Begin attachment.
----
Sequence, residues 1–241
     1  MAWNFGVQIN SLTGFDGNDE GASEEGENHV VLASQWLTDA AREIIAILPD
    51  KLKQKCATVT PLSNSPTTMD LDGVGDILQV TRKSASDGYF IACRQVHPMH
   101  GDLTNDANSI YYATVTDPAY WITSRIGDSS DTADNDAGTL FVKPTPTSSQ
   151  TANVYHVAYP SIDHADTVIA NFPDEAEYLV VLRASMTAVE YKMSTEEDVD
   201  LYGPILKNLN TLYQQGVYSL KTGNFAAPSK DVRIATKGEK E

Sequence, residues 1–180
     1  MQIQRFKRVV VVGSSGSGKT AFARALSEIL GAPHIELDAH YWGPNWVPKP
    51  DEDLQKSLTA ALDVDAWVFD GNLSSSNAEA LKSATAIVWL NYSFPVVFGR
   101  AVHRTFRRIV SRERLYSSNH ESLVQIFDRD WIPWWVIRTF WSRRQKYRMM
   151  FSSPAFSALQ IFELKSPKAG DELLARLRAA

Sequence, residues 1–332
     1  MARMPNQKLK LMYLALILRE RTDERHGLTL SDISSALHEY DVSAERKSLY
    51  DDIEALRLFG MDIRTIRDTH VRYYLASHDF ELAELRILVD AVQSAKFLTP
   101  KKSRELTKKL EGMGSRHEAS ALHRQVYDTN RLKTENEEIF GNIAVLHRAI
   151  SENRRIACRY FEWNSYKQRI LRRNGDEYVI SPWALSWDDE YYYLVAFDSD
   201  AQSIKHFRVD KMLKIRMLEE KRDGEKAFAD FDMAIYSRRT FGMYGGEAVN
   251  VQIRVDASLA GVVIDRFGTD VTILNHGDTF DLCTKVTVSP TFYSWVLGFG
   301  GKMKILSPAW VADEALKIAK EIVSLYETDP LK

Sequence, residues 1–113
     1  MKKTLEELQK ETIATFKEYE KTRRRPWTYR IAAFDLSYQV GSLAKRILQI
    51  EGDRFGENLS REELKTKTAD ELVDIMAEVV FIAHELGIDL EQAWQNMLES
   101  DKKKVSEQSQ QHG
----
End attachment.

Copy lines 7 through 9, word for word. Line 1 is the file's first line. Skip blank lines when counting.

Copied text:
Sequence, residues 1–180
     1  MQIQRFKRVV VVGSSGSGKT AFARALSEIL GAPHIELDAH YWGPNWVPKP
    51  DEDLQKSLTA ALDVDAWVFD GNLSSSNAEA LKSATAIVWL NYSFPVVFGR